Bunion Surgery

This surgery involves removing a bony growth at the base of the big toe.




This surgery involves removing a bony growth at the base of the big toe.



A bunion is a bony growth at the base of the big toe. It is also known as a hallux valgus.

  • Bunions can develop when the big toe is pushed into the toe beside it.
  • This causes the joint of the big toe to get larger and stick out the side of the foot.
  • A bunion may also develop at the base of the little toe. This is referred to as a bunionette or a tailor's bunion.

A bunionectomy is the removal of excessive bony tissue at the base of the big toe.

  • After the bony tissue is removed, the surgeon can straighten the toe.
  • Wire, pins or screws may be used to keep the toe straight.

Bunions are very common, especially in women. Some other factors that increase the risk of bunions include:

  • The shape of person's foot (genetic predisposition)
  • Flat feet or low arches
  • Bone or joint diseases, such as arthritis
  • Injuries
  • Wearing shoes that are too small or squeeze the toes together
  • Wearing high-heels
  • Having an occupation that puts stress on the feet, such as dancing and athletics

Most people with bunions have mild symptoms or no symptoms at all. However, bunions can result in:

  • Pain, swelling and redness in the area of the bunion.
  • Constant rubbing of shoes on the bunion. This can thicken the skin over the joint.
  • The affected toe pointing toward the other toes instead of straight ahead.

Some ways to prevent complications associated with a bunion include:

  • Using shoe padding or shields
  • Wearing wide-width shoes
  • Over-the-counter pain medication
  • Certain lifestyle change

Contact your primary healthcare provider if you think you have a bunion. He or she may refer you to a foot doctor (podiatrist) or a foot and ankle surgeon. A bunionectomy may be recommended if nonsurgical measures for a painful bunion are not effective. A bunionectomy can:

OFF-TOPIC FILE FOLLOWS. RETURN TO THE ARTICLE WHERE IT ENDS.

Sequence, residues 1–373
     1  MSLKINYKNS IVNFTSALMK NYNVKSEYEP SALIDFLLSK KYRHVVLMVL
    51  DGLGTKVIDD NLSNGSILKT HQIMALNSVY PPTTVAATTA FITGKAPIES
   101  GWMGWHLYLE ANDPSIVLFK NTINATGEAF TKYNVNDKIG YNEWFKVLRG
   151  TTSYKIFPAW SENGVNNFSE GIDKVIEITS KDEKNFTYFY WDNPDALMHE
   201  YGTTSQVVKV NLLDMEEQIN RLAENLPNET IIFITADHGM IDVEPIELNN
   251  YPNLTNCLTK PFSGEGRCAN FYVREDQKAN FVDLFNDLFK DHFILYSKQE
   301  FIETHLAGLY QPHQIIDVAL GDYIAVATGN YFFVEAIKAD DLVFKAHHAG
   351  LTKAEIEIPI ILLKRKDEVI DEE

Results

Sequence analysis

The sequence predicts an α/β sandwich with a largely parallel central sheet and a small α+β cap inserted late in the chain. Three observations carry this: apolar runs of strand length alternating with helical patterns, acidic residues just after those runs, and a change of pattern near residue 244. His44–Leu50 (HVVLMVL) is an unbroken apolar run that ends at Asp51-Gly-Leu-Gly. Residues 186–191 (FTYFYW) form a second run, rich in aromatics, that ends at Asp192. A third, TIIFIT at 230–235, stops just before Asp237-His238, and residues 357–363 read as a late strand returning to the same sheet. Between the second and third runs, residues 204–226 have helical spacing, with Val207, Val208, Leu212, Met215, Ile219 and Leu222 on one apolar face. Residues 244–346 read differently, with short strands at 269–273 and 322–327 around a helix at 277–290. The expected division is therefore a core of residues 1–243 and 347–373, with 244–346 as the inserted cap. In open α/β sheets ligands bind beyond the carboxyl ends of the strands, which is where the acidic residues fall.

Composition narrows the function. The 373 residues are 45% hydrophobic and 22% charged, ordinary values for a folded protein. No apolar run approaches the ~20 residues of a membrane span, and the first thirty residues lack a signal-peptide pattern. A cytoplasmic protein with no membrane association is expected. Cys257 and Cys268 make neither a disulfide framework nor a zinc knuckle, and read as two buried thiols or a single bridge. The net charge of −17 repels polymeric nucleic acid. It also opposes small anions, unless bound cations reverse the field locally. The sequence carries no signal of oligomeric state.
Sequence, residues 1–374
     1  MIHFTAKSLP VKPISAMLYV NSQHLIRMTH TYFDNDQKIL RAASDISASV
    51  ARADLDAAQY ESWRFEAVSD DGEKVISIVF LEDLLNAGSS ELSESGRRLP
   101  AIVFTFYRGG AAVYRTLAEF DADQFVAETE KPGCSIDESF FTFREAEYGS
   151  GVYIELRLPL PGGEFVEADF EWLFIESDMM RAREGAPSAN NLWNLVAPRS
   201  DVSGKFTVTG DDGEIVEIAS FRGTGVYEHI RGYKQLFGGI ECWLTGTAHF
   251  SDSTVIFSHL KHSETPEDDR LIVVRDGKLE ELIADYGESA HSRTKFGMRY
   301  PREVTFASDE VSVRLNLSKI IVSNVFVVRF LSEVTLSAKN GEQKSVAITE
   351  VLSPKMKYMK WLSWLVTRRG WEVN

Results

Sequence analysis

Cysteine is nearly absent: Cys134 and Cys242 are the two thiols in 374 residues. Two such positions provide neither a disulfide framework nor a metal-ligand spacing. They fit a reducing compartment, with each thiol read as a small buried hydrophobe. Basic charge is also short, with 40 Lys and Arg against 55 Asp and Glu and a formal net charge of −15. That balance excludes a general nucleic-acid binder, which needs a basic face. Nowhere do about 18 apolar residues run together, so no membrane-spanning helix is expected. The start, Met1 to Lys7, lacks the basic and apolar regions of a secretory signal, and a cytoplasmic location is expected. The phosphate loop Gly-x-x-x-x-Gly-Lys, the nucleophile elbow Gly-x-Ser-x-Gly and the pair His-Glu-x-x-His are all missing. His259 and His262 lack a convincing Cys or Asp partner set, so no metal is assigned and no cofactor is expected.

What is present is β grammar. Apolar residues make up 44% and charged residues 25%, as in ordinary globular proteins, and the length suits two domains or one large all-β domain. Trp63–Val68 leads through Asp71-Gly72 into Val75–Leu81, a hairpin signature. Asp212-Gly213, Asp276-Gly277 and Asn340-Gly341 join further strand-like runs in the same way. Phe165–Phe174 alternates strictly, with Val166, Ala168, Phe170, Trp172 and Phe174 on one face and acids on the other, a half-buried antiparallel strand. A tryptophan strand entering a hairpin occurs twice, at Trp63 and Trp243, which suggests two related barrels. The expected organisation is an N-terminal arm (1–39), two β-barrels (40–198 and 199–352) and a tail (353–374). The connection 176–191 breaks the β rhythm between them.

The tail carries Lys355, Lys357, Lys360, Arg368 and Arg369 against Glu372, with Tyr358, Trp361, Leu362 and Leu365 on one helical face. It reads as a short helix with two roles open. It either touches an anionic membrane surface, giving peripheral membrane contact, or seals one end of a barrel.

• Relieve foot pain
  • Correct a toe deformity
  • Improve toe function
  • Enable normal walking and related activities

Prior to surgery, tell your healthcare provider about any medications you are taking (including over-the-counter medications and supplements). Ask about specific instructions you should follow before surgery and get clear instructions on what you need to do. These may include:

  • Medications you should not take before the surgery, such as blood thinners
  • Regular medications you should continue to take on the day of your surgery
  • How many hours you should stop eating and drinking before the surgery

If you are a smoker, you should quit smoking. It can interfere with your recovery.

A bunionectomy can often be done by injecting a medication that makes your foot numb. This is called an ankle block. In certain cases, other types of anesthesia may be used.

  • General anesthesia is when you are put into a deep sleep and are unable to see, hear or feel anything
  • Spinal anesthesia is when a medication is injected into your back. This results in you being unable to feel anything from the waist down.

After surgery, expect some pain and tenderness at the site. Call your healthcare provider if you develop:

  • Uncontrolled bleeding
  • More pain than anticipated
  • Increased redness or swelling
  • Discharge from the wound
  • Fever, warmth or red streaks around the incision

Your healthcare provider may limit your activity for a few weeks. You may also need to wear a special support shoe while your foot is healing. In some cases, a cast may be applied to hold your foot in position.

  • How long you need to keep weight off your foot may depend on the type of bunionectomy you had.
  • Healing of a bunionectomy typically takes six to twelve weeks
  • You may need to stop wearing certain types of shoes, such as high heels.

If your healthcare provider recommends a bunionectomy, ask the following questions.

  • What treatment options do you recommend? What are the advantages and risks to each treatment?
  • Why do you think I need a bunionectomy? What do you expect will happen if I do not have a bunionectomy?
  • Are there any alternatives to surgery that can relieve my symptoms?
  • Will I need surgery for the other foot?
  • How can I prevent future bunions?
  • What are the possible complications? How will I feel after the surgery? How will I have to modify my activity?
  • After surgery, what symptoms should I be concerned about? What precautions do I need to take?

Prior to discharge, make sure you understand all home care instructions. This includes symptoms to report before your next appointment, medications and their side effects and follow-up plans. Do not forget to arrange for transportation to and from the facility and for help at home while you recover.

Source UHC.com

Also known as:

Hallux Valgus Correction
Foot Surgery
Bunionectomy
Bunion Surgery


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